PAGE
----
This is the Yellow Butterfly Ginger as opposed to Ginger Lilies or White Butterfly Ginger. I can’t recall exactly where this came from. I had some Ginger Lilies a very old lady gave me in Atlanta, but I was afraid of importing those to South Florida for fear of being overrun. So, I left the Ginger Lilies in my garden in Atlanta, I think the new owner built a pizza oven over top of them. This particular lady who gifted me the Ginger Lilies identified the plant by the fact that the root looked like an old shoe.
Back to Florida, this very fragrant plant started to bloom last week and to me it smells like a really intense Honeysuckle. Very pleasant. I had to search a bit to figure out what Ginger this is exactly. I finally decided it was Hedychium flavum based on the identifying feature of hairy leaves and yellow flowers. The flowers start out white with yellow centers, then the whole flower turns creamy yellow by the end of the day. I hadn’t realized the leaves were hairy until now.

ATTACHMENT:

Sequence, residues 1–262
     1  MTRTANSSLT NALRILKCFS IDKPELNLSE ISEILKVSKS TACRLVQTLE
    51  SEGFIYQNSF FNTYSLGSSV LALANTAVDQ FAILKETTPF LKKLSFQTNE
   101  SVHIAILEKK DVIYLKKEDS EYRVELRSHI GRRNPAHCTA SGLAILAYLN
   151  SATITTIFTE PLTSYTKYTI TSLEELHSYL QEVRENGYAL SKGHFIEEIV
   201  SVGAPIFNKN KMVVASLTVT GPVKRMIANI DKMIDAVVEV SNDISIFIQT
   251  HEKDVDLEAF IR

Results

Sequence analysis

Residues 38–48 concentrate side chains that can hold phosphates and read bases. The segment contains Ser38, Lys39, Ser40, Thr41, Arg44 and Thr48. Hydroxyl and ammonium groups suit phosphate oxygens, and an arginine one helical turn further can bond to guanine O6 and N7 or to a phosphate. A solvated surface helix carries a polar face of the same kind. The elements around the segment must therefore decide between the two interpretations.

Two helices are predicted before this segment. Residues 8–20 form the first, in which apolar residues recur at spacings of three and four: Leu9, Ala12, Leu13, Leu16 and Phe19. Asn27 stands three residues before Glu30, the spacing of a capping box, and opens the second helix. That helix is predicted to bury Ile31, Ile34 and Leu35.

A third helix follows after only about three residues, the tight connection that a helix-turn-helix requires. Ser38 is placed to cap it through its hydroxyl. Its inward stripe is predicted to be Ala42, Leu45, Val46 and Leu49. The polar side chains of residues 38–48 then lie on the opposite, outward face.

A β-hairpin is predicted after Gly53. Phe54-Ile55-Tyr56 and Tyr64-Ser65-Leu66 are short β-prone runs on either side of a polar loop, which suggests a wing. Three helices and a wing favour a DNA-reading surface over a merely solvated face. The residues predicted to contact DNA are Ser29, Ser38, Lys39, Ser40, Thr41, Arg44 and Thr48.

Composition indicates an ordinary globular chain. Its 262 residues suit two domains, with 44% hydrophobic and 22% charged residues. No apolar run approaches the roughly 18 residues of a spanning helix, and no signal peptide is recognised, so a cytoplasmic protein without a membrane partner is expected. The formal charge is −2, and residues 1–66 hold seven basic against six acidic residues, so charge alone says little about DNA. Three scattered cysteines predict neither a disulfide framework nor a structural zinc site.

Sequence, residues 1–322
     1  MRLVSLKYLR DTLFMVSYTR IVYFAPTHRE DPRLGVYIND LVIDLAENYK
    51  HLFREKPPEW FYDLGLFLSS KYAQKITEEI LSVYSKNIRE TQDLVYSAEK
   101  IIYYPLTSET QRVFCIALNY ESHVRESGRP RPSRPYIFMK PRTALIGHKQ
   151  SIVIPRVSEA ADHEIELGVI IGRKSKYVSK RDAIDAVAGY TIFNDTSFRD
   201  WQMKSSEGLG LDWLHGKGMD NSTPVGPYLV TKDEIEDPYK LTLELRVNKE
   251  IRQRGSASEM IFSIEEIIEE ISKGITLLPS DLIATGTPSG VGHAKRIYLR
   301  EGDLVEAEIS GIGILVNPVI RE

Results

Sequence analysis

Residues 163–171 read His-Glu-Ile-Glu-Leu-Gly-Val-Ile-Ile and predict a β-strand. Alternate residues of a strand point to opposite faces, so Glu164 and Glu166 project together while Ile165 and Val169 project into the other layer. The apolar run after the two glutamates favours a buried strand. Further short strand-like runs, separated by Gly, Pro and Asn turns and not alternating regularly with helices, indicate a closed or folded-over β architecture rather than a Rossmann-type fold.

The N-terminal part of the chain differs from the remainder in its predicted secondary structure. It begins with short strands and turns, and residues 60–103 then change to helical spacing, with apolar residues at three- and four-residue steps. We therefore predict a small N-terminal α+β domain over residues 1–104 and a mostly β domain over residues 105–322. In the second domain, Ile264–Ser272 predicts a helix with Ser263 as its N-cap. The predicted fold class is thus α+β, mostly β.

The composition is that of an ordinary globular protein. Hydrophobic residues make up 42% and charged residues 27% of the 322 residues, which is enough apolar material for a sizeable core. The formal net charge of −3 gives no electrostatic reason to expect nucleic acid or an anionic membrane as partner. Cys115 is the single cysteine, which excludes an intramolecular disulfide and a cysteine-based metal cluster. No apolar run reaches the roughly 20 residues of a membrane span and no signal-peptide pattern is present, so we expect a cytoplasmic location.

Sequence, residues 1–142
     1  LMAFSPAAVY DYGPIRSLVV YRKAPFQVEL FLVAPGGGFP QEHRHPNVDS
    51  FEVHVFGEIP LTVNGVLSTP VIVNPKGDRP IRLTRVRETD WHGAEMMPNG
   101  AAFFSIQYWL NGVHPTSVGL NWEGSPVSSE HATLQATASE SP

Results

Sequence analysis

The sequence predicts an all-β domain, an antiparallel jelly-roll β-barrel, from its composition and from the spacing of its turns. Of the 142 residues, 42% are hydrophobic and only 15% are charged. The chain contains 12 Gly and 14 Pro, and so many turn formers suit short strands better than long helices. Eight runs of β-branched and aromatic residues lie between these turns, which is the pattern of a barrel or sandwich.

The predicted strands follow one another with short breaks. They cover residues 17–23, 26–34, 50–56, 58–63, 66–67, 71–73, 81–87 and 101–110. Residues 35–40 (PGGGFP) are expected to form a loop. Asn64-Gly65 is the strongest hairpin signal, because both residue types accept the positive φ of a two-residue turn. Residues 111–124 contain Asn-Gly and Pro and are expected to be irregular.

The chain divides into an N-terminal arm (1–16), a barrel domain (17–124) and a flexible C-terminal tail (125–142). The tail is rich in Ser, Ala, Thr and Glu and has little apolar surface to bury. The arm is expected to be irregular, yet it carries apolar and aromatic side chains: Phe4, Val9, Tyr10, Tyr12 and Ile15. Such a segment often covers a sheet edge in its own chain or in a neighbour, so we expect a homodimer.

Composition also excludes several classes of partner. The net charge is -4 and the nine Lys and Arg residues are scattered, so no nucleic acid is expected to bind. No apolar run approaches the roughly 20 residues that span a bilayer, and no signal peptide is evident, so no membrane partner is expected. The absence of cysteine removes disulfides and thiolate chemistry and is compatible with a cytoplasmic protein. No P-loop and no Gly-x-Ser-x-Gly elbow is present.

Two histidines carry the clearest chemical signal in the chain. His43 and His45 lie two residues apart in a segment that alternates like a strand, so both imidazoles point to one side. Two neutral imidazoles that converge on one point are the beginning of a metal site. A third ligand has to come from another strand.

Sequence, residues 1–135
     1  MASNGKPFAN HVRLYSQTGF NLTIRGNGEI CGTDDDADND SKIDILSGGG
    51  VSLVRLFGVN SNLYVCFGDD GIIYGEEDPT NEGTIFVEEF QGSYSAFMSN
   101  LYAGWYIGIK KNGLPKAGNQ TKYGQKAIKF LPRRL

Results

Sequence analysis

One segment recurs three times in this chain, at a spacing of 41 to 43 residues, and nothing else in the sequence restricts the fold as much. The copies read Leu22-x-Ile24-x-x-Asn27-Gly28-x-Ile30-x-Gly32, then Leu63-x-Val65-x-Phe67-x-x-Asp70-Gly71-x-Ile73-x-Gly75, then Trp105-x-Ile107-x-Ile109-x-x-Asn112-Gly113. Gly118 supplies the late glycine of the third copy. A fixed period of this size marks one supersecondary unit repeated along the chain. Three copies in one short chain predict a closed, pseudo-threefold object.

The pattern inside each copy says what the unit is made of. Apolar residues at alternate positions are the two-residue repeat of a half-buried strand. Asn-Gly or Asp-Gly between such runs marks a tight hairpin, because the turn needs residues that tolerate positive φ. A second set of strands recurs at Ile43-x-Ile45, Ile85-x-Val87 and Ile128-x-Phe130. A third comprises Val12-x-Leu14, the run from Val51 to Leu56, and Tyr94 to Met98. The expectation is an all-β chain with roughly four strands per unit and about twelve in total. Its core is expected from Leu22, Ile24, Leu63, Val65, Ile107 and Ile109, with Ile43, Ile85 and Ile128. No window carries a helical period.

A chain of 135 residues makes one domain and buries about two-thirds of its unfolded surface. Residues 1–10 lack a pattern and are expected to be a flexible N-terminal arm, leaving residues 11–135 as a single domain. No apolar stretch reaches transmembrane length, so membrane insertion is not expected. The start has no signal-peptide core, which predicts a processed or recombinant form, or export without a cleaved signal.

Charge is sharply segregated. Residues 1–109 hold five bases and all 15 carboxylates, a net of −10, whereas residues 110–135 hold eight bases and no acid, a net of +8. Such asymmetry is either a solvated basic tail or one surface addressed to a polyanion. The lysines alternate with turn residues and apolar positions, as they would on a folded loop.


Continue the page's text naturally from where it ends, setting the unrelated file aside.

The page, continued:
The plant is about 4-5 feet tall and lives in the shade of a good sized Banyan Tree. Almost everything I have read about these says they require a moist site. I live on a gigantic sand dune so there is no really moist area here, this is the closest thing we have to moist and it is working fine so far. The Ginger has been in the garden for about a year and has probably doubled in size and was evergreen through the winter. The foliage is kind of grassy and makes a nice backdrop for Bromeliads or Ferns. The roots look like reddish culinary ginger, but I have not had the occasion to eat any – they do not remind me of old shoes at all.
Culinary Ginger is a Zingiber as opposed to a Hedychium. This can be grown from roots bought from the grocery store. I have tried this and ended up with a plant about 18″ tall and enough ginger for my husband to use in a Pumpkin Pie. While I am a devoted herb grower, I find buying ginger at the grocery store is best.